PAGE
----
Folklife Program Keeps Virginia’s Diverse Cultural Traditions Alive
Each year hundreds gather on the rolling hills of James Monroe’s Highland, near Charlottesville. They’re here to take in the sights, sounds and smells of The Virginia Folklife Apprenticeship program, and learn how residents are preserving cultural traditions. WCVE’s Ian Stewart has more for Virginia Currents.
Learn More: The Virginia Folklife Apprenticeship Program.
Each year hundreds gather on the rolling hills of James Monroe’s Highland, just below Carter Mountain. They’re here to take in the sights, sounds and smells of Virginia’s rich folklife history.
Banjos are crafted and demonstrated at one of the many tables under a large tent on the festival lawn.
The Virginia Humanities event celebrates the partnership of folklife masters and their apprentices. The person who connects artisans with those who want to learn is Jon Lohman.
Jon Lohman: I’m your State Folklorist and I started in 2001.
Back then, he hit the roads of Virginia in a Chevy Lumina to talk with tradition bearers, folk artists and communities about what they wanted out of a folklife program.
Lohman: And what I kept hearing over and over was people were worried, well not worried, but concerned this thing is dying out, this things dying out, that things dying out. A lot of things are not dying out. There’s always that concern.
And that’s how the Apprenticeship program began sixteen years ago.
Lohman: Hey Clyde (Clyde: Jon. How’s it going?)
Clyde Jenkins lives up in the Shenandoah Valley, Page County.
Lohman: How long has your family been there? (Jenkins: huh, early 17-hundreds)
Jenkins lives in an old mountain homestead.
Jenkins: It’s a log cabin that my grandfather built. He cleared the land. I have all the tools. I have all the tools that he built the cabin with. There’s still clay and hoghair between the logs. And I live the way, for the most part, the way the old people did back in the mountains.
On his homestead, Jenkins and his family grow all sorts food but his speciality is apples.
Jenkins: Every year we graft three to four thousand trees. And I have probably in excess of 350 varieties of apples.
Some of those varieties, he says, include the Bellflower, the Summer Rose and the Esopus Spitzenburg, which reportedly was one of Thomas Jefferson’s favorites, planted several Spitzenburg trees at Monticello.
Jenkins: I love growing them.
Lohman: Including some that would not exist if his family wasn’t grafting them.
One of those varieties has a literary background.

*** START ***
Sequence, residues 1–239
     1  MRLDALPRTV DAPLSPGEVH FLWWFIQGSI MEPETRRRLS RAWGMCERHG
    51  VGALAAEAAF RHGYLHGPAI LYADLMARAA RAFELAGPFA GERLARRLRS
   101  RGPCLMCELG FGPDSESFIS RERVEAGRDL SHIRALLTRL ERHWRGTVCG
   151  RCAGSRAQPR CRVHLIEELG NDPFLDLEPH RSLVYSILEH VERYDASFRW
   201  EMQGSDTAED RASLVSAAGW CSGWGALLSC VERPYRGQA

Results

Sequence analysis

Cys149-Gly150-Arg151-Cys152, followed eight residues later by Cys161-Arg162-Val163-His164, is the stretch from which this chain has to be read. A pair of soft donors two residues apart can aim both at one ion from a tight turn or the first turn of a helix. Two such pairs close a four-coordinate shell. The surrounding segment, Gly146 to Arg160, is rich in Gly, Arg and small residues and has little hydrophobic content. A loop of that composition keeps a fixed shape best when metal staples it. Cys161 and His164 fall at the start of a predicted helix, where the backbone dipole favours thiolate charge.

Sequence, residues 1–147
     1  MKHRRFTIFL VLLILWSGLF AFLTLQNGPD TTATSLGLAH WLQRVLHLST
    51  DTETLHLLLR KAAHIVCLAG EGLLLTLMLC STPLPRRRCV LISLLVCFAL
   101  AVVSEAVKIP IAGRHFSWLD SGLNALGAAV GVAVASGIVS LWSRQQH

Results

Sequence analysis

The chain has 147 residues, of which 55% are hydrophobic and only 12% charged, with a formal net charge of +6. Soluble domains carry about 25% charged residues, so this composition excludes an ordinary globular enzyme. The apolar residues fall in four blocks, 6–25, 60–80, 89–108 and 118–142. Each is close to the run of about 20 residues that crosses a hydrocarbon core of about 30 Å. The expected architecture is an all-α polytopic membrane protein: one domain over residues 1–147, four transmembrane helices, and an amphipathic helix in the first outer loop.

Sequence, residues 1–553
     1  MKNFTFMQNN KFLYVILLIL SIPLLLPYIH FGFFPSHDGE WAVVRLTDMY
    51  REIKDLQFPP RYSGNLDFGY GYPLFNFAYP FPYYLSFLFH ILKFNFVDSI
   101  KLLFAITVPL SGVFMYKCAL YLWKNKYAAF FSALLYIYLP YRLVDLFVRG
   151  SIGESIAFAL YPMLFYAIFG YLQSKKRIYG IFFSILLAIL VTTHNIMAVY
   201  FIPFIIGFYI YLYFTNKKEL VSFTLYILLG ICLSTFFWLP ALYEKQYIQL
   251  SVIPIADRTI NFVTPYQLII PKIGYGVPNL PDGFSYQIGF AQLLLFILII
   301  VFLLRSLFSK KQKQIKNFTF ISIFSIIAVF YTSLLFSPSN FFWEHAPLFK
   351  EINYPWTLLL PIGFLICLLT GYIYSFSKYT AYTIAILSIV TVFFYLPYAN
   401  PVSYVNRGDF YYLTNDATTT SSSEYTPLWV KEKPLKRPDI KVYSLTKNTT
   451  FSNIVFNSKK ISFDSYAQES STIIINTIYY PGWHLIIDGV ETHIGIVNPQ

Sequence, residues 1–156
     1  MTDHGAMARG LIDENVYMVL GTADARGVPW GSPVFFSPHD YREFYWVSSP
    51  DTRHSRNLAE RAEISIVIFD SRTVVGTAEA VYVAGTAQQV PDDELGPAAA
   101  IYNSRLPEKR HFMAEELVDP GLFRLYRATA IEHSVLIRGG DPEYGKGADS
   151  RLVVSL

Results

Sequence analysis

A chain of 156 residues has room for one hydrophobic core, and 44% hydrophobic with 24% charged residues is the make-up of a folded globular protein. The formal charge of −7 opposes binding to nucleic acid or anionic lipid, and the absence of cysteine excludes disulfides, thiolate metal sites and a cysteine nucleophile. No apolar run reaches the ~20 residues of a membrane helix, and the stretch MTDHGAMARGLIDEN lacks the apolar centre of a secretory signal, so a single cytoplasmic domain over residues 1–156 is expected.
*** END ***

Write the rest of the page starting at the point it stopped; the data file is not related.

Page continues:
Jenkins: Samuel Clemens knew about the mylam . In the book Tom Sawyer, his aunt rewarded Tom with an apple, a Mylam apple, for painting the fence.
Sitting in a chair surrounded by buckets of apple branches and small trees, Jenkins demonstrates the process of grafting.
Jenkins: Let me have a piece of rootstock boys. Now, watch this.
Jenkins grabs clippers and a piece of rootstock and cuts the top bud off.
Jenkins: (Snap of the scissor) Just like that.
He then clips the other buds and asks the crowd to look carefully along the edge of the wood.
Jenkins: (a little kid says ya), that’s called the Cambian. That is where the sap flows.
He takes a tapered piece with two buds and slides it into the newly carved wood.
Jenkins: And look how tight that fits. Letter perfect. You see that Ma’am?
Jenkins passes the new graft to one of his sons who tapes it, then seals it in wax. After the new trees are planted, it takes three to four years to produce apples.
Jenkins, who currently has three apprentices, says the program means a lot to him.
Jenkins: It has given me the opportunity for these young people to learn. And to see my crafts and the things I learned to do to be continued. They’re not dying out. So this is very important.
One of the unique things about the Virginia Folklife program is that when it comes to music, the term “folk” goes beyond the typical bluegrass and stringbands. Other styles include the Galax dulcimer, Persian classical music and Sephardic ballads. Lohman says it’s important to showcase other cultures and instruments that, like the banjo, got its start elsewhere but migrated to America.
Lohman: So I remember the first year of the program and we had Katak dance, which is a type of dance from Northern India. And I remember somebody said to me ‘That’s not Virginia, is it?’ I said, well sure it is. There’s a very large community of people from that portion of the world, mostly in Fairfax and Northern Virginia and they’re dancing and so, yeah, all these things are Virginians.
One of the instruments highlighted in the Apprenticeship Program is popular in Vietnamese music.
Nam Phuong Nguyen: I’m playing the Monochord instrument. In Vietnam we call it the đàn bầu.
Since she was 17, player Nam Phuong Nguyen has been perfecting her craft.
The translation means “gourd lute,” and it’s traditionally composed of a bamboo tube, a wooden rod, a coconut half shell, and a silk string. But it could be made using any type of wood.
Nguyen: It’s one string. And it’s played by plucking the string. And it has a harmonic sound and it’s the mirror of the human voice.
Nguyen who has one apprentice, will often travel around Northern Virginia to teach and play the dan bau in schools. She and her husband say it’s important to maintain and share these traditions.
Nguyen: ..and it’s very hard to play, very hard to learn but when you master it, the sound is beautiful. Therefore my wife is trying to keep the tradition out here, you know, make sure our children and someone who plays it can transfer it other generations.
Master artists such as Nguyen and Jenkins can have dedicated apprentices in either a one-on-one setting or in a group. Apprenticeships can last for up to nine months or even longer. Since the Virginia Humanities program began in 2001 organizers say more than 150 apprenticeships have helped elevate Virginia’s diverse culture and history.
For Virginia Currents, I’m Ian Stewart.